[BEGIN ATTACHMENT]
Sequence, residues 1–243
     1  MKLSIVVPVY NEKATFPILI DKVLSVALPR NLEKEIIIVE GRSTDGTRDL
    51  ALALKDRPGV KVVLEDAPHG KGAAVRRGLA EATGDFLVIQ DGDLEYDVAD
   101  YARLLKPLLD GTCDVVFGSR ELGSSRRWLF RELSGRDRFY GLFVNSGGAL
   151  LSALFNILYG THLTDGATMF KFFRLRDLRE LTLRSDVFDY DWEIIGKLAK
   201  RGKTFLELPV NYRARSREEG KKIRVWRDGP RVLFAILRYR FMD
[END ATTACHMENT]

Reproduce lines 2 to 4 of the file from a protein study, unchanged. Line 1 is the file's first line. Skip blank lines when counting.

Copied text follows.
     1  MKLSIVVPVY NEKATFPILI DKVLSVALPR NLEKEIIIVE GRSTDGTRDL
    51  ALALKDRPGV KVVLEDAPHG KGAAVRRGLA EATGDFLVIQ DGDLEYDVAD
   101  YARLLKPLLD GTCDVVFGSR ELGSSRRWLF RELSGRDRFY GLFVNSGGAL